14 Kazdin AE. Methods of psychotherapy research: research and practice. New York: Oxford University Press, 1995.

15 Ludwick-Rosenthal R, Neufeld RWJ. Stress management during noxious medical procedures: an evaluative review of outcome studies. Psychol Bull 1988; 104: 326B 42.

16 Waltz J, Addis ME, Koerner K, Jacobsen NS. Testing the integrity of a psychotherapy protocol: assessment of adherence and competence. J Consult Clin Psychol 1993; 61: 620B 30.

17 Shrout PE, Fleiss JL. Intraclass correlations: use in assessing rater reliability. Psychol Bull 1979; 86: 420B 28.

18 Paice JA, Cohen FL. Validity of a verbally administered numeric rating scale to measure cancer pain intensity. Cancer Nurs 1997;

20: 88B 93.

19 Murphy D, McDonald A, Power A, Unwin A, McSullivan R.

Measurement of pain: a comparison of the visual analogue with a nonvisual analogue scale. J Clin Pain 1988; 3: 197B 99.

20 Benotsch EG, Lang EV, Lutgendorf SK, Fick L. Rapid anxiety assessment in medical patients. Ann Behav Med 1998; 20: 138. 21 Duggleby W, Lander J. Patient-controlled analgesia for older adults. Clin Nurs Res 1992; 1: 107B 13.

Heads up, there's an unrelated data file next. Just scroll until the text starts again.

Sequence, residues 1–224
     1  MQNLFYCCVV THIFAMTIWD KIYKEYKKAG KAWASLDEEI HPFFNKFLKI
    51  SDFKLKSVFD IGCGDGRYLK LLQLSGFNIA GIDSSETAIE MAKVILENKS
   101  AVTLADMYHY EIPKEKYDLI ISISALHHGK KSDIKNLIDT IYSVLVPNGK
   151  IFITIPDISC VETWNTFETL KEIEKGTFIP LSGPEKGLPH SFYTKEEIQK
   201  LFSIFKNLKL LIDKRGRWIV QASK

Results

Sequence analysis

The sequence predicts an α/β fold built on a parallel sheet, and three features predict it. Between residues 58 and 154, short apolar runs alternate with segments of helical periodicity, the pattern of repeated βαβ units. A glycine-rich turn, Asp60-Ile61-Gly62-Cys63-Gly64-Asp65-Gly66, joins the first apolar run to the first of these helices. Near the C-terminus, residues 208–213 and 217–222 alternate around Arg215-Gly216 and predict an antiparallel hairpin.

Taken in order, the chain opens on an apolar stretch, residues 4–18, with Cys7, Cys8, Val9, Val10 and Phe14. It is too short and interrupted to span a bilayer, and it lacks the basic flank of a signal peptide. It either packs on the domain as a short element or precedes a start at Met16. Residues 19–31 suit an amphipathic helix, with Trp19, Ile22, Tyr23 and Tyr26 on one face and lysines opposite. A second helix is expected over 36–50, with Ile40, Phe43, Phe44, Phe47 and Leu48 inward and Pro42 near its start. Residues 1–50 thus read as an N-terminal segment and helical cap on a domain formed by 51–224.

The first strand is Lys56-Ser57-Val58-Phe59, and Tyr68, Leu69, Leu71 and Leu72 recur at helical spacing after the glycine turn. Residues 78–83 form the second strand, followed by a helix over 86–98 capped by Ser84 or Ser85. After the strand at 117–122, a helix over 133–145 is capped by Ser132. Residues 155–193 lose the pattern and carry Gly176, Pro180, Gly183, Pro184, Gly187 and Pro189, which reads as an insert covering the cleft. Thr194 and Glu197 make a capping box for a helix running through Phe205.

22 Schelling G, Weber W, Mendl G, Braun H, Cullman H. Patient controlled analgesia for shock wave lithotripsy: the effect of self- administered alfentanil on pain intensity and drug requirement. J Urol 1996; 155: 43B 47.

23 Lang EV, Chen F, Fick LJ, Berbaum KS. Determinants of intravenous conscious sedation for arteriography. J Vasc Interv Radiol 1998; 9: 407B 12.

24 Kirk RE. Experimental design: procedures for the behavioral sciences (3rd edn). Pacific Grove, Calif: Brooks/Cole Publishing Company 1995: 72B 112, 144B 54, 164B 208.

25 Jennrich RI, Schluchter MD. Unbalanced repeated-measures models with structured covariance matrices. Biometrics 1986; 42: 805B 20. 26 Laird NM, Ware JH. Random effects models for longitudinal data. Biometrics 1982; 38: 963B 74.

27 Dixon WJ. BMDP statistical software manual, volume 2 (to accompany release 7). Berkeley: University of California Press, 1992: 1311B 52.

28 Siegal S, Castellan NJ Jr. Nonparametric statistics for the behavioral sciences. 2nd edn. New York: McGraw-Hill, 1988: 103B 11.

29 Schutz SM, Lee JG, Schmitt CM, Almon M, Baille J. Clues to patient dissatisfaction with conscious sedation for colonoscopy. Am J Gastroenterol 1994; 89: 1476B 79.

30 Bayer TL, Coverdale JH, Chiang E, Bangs M. The role of prior pain experience and expectancy in psychologically and physically induced pain. Pain 1998; 74: 327B 31.

31 Barber TX. The effects of A hypnosis@ on pain. A critical review of experimental and clinical findings. Psychosom Med 1963; 25: 303B 33.

32 Faymonville ME, Fissette J, Mambourg PH, et al. Hypnosis as adjunct in conscious sedation for plastic surgery. Reg Anesth 1995; 20: 145B 51.